If you’ve been thinking about investing in a gaming PC, but don’t want to spend thousands or take up a bunch of space with agigantic tower system, you’ll definitely want to check out the latest generation of the Alienware Alpha – the Alpha R2. This compact PC runs all of the latest Windows 10 games, but is small enough to fit just about anywhere. Measuring just 7.87″ square, 2.17″ high and weighing just 4.4 pounds, it’s portable enough to carry with you, and Alienware was kind enough to send me a nifty matching carrying case from the guys at Mobile Edge.
The Alpha first came on the scene back in late 2014, and was a solid little system out of the gate. However, today’s games need more and more horsepower, so along came the Alpha R2. The new system gets upgrades across the board, most importantly in the GPU department. You can now get the system with either a 4GB NVIDIA GeForce GTX 960, or a 2GB AMD Radeon R9 M470X graphics processor. Combined with modern Intel Core CPUs, the Alpha can play many modern games at full 1080p resolution at 60fps.
My review system was equipped with a 6th-gen, quad-core Intel Core i7 6700T, with 8MB cache, capable of running at speeds up to 3.6 GHz, along with the aforementioned GTX 960, 8GB of RAM, and a 1TB HDD. With this setup, the system runs incredibly fast for its size. I loaded up a variety of games and graphics tests on the system, and even the latest titles like DOOM ran smoothly with all of the effects cranked up.
Here’s a video I shot off-screen of the system running NVidia’s Faceworks demo, which originally required one of their $1000+ Titan graphics cards to run smoothly. The GTX 960 made quick work of it, animating an incredibly photorealistic human face in real time, without dropping a single frame:
One of the great things about the Alpha series is that it’s also upgradeable, which isn’t always the case with small form-factor PCs. The hard drive, CPU, and memory are all user-upgradeable. You can also can go for an even more powerful graphics card, using the available Alienware Graphics Amplifier. This small box adds an external PCI Express bus for upgrading to something like the new Nvidia GTX 1080 series, which supports VR headsets, or 4K gaming.
In terms of connectivity, you get two USB 3.0 ports for controllers up front, a hidden USB 2.0 port on bottom (presumably for an IR remote dongle), and on back there’s another pair of USB 3.0 ports, Gigabit ethernet, optical audio, and HDMI 2.0 output and input ports. That last port is designed for passing through the signal from your DVR, Blu-ray player, or other set-top box to be displayed on the same screen as the computer. This makes the system ideal for living room usage.
If you want to tote the system to your friend’s living room, you can do that too. Just pick up the matching Alpha carrying case, which offers a padded compartment for the system, and storage for its power brick, mouse and a few other small items.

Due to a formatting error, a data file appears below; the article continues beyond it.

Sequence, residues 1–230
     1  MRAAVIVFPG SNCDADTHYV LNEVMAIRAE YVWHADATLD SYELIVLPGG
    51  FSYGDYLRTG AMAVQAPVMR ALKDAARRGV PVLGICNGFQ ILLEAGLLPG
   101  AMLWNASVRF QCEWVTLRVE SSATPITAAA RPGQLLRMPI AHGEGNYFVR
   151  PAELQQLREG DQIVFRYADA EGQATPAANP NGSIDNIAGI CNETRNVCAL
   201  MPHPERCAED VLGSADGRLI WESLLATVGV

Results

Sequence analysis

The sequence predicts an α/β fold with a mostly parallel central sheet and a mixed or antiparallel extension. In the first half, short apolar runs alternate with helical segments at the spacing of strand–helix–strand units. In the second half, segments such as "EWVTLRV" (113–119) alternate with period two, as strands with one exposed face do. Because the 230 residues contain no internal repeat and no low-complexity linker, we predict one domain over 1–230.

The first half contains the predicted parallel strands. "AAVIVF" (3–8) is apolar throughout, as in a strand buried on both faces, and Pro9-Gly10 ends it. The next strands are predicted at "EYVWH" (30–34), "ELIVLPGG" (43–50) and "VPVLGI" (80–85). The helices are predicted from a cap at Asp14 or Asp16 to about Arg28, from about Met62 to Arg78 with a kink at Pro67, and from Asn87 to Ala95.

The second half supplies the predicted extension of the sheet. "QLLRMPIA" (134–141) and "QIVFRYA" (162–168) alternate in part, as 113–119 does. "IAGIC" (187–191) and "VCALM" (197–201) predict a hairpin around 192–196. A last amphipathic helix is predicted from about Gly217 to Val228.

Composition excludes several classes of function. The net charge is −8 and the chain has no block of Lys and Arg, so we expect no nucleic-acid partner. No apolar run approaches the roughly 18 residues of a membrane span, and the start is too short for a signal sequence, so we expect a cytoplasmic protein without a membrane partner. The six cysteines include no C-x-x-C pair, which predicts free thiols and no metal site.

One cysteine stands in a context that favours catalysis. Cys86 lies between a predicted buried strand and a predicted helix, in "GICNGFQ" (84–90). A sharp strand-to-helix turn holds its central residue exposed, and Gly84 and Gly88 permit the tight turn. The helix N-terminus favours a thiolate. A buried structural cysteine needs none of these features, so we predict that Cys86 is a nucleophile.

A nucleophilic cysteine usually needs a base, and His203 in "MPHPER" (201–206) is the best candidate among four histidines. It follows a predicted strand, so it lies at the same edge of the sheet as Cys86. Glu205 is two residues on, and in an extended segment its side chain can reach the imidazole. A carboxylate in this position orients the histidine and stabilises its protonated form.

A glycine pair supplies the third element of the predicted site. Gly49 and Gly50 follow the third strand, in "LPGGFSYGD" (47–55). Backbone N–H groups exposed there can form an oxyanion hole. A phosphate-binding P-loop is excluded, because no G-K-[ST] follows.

Speaking of using the Alpha R2 on the big screen, Alienware is currently beta testing their own front-end for the “10-foot experience.” This new menu system is called HiveMind and appears to be derived from the Kodi home theater PC interface (formerly known as XBMC). This interface has its pros and its cons. It makes it easy to access all of your content, from games to videos to music to apps, all from a single UI that can be controlled from the comfort of your sofa. It’s intuitive enough, though to me, the experience doesn’t feel as clean and modern as Steam’s big screen UI.
That said, the HiveMind interface aggregates games and programs which may not be available from Steam, and is highly configurable. It works well enough, but it’s still rough around the edges. For instance, the media keys on the keyboard don’t seem to be supported, but they work fine on the Windows 10 desktop. I also don’t like having to logout and back in to switch to said desktop. Hopefully, these issues will get sorted out before HiveMind goes general release.
Regardless, the Alpha R2 works perfectly fine using Windows 10 and any programs that it can run, so whether you spend all your time on the desktop, running Steam, Chrome, or Windows Edge, you’ll be right at home.
In terms of raw performance numbers, my review system did quite well. On the GeekBench 3 benchmark, the system scored a not too shabby 3420 in the single-core test, and 13670 in the multi-core. That makes it a hair faster than my 2015 Dell XPS 15 Core i7 laptop, and only about 15% slower than my 2015 Core i7 Retina iMac, both significantly more costly machines.
I’m duly impressed with the capability of the Alpha R2. It’s not only quite adept at playing today’s graphically intensive PC games, but it’s really a powerful enough system to be your main Windows 10 desktop PC.
Pricing for the Alienware Alpha R2 starts at just $599(USD), which gets you a Core™ i3 6100T CPU, a 500GB HDD, 4GB RAM, and a Radeon R9 M470X GPU. My fully-loaded system retails for $949, which is still quite impressive when you consider the speed and upgradeability of this compact system. You can find more information over on the Dell/Alienware website.